In this interview, Paida Mpaso engages Minister of Finance and Development Planning, Ken Lipenga, to clarify his remarks on his purported support for new Malawi President Joyce Banda.
You have recently been quoted pledging your support for President Joyce Banda, what do you mean? Are you too joining Peopleâ€™s Party (PP)?
I am sure you are referring to the interview with Zodiak Broadcasting Station. That interview took place at a time the new President was just sworn in. It was during the transition period, [and] as a member of Parliament, it was important that I be associated with a constitutional transition.
It was important that some of us come out and indicate that we are supporting the process of adhering to the Constitution and there were several of us who did that. We were told there was a press briefing and we went there and, [of course], interviews were done separately. I was asked whether I support the process and I said yes as per the law and we never mentioned parties at that time because it was not an interview about political parties.
It was about supporting the process as well as supporting her and I said yes. And I think the journalist asked me about positions and I told her it was not about positions, it was me as an individual supporting the constitutional process.
So, will you join PP, when the time comes?
I think itâ€™s too early for me to be talking about these things as the President herself has pointed out. This is a mourning period. What was particularly important was to support the constitutional process and what I expect to happen is that in due course, the President will have to make a decision about a new Cabinet. She might work with us for a few more days and then at some point, she will dissolve the Cabinet. I think it was sufficient to indicate to her that we supported the process and she is aware of who supported her. [However] she will make up her mind as to who will be in Cabinet and itâ€™s not even me to announce these things.
Do you expect to be in that Cabinet?
Not necessarily. On what basis would I be expecting that (laughing). I think itâ€™s better that she has all the space to make the decision. Right now she is working with all of us, okay one of us has been dropped, [but] we are the Cabinet that she has inherited for the moment, but she is not under obligation, in my view, to continue with us. She is the new President and she must [do it in her will] and I do not want to add to that pressure [but] I want to work with her loyally.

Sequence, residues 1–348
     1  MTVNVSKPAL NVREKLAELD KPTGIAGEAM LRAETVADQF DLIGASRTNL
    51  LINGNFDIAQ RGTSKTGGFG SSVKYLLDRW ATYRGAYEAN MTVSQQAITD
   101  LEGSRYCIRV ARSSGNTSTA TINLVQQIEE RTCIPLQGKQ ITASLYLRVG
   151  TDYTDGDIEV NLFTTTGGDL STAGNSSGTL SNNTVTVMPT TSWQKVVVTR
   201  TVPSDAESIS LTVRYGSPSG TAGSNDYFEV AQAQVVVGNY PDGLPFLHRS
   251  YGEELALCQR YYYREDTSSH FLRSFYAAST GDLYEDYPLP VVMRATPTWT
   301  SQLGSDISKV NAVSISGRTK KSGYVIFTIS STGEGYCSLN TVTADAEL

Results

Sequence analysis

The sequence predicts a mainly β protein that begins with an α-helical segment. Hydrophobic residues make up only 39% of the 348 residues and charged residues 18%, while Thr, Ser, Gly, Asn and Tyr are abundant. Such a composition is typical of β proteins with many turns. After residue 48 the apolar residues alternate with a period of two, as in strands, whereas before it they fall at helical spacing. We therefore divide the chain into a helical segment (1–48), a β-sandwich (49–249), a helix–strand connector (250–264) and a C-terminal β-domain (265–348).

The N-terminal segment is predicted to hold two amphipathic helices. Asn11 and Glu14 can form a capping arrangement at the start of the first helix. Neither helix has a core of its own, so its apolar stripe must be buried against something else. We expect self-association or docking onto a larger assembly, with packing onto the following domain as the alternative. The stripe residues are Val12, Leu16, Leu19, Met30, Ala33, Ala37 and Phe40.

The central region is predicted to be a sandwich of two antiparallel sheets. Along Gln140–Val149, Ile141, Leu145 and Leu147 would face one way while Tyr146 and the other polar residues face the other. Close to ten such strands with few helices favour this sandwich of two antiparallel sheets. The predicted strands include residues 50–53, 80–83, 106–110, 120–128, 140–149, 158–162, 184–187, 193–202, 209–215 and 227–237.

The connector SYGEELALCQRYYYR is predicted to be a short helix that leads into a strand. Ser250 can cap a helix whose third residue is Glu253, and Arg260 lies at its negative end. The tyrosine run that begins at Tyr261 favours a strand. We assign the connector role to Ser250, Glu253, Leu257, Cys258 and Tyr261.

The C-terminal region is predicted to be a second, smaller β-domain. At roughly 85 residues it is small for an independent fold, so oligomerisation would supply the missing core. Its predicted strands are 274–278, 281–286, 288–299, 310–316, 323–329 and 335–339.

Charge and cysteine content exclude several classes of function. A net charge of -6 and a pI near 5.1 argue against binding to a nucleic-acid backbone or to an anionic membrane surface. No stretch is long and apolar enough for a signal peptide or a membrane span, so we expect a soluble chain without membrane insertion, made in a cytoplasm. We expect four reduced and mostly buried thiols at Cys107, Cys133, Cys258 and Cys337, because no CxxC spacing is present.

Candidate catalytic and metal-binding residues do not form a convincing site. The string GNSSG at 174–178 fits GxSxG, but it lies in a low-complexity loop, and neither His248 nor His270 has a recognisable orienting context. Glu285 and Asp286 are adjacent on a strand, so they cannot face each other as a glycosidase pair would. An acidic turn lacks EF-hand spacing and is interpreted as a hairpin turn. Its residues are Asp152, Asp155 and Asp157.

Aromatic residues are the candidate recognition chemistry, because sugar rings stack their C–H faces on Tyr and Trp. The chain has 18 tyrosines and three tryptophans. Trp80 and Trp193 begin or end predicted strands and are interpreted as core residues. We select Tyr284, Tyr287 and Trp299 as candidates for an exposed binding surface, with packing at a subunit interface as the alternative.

So, what were you doing at the Presidentâ€™s office. What did you want?
Yes. That is what I am saying. It was important to appear there and not anywhere else in order to be seen to support the process that was happening.
But donâ€™t you think that made it seem like you wanted to align yourself with her?
I think wanting to align oneself with the Vice-President who was about to become President is different from the ones aligning themselves with the party. If I had wanted to do that I would have but at that particular point there was an official press briefing that was taking place and we actually received phone calls from there to say this was about to happen and so we went there. Not everybody went there but when asked to make a press statement, I said I was associating myself with the constitutional process that was taking place there. The Vice-President and I were in the same government but, of course, there were a lot of issues but at that point it was important to support the process and I did that and I donâ€™t have any regrets for having done so.
Some time ago, during the mid-term budget review, you were quoted as saying the zero-deficit budget was on track. Do you still hold that views?
The point I was making at that time was in reference to the figures that I was given and during that time, it was on course. But the [issue] that I experienced as Minister of Finance was that the concept of zero-deficit budget in itself it was not a bad idea but it had not been well articulated with Malawians for the simple reasons that it coincided with the time we were also facing problems with donors. So, it was difficult. But it appeared to be very much on course.
From the way you are speaking it seems the zero-deficit budget is off course?
Did I say that?
I am asking. Is it now on course?
No. Of course, we will have to look at the figures again as time has passed.
You also said some policies were not good and yet you were part of the government? Why now?
I think there were specific issues which I mentioned and I probably was referring to why donors were withdrawing aid. That had to do with the problems with the International Monetary Fund (IMF) and non economic issues such as human rights and so on and so forth.
Why are you saying such policies are bad now? I have personally spoken to you on these issues and you always said everything was okay?
Letâ€™s be honest. Certainly I spoke in favour of the budget as I had inherited from my predecessor and it became mine. So, I defended it as a minister responsible for finance. I was getting figures and so I spoke and I am not diverting from what I said. However, the view we have is that there are certain things that were wrong and had to be reviewed thatâ€™s why there were on hold. There were enough of us who felt that that there was something wrong [with some policies], but clearly if you have a leader who thinks otherwise, you cannot go as far as you might like to go. But to be fair, those laws were put on hold.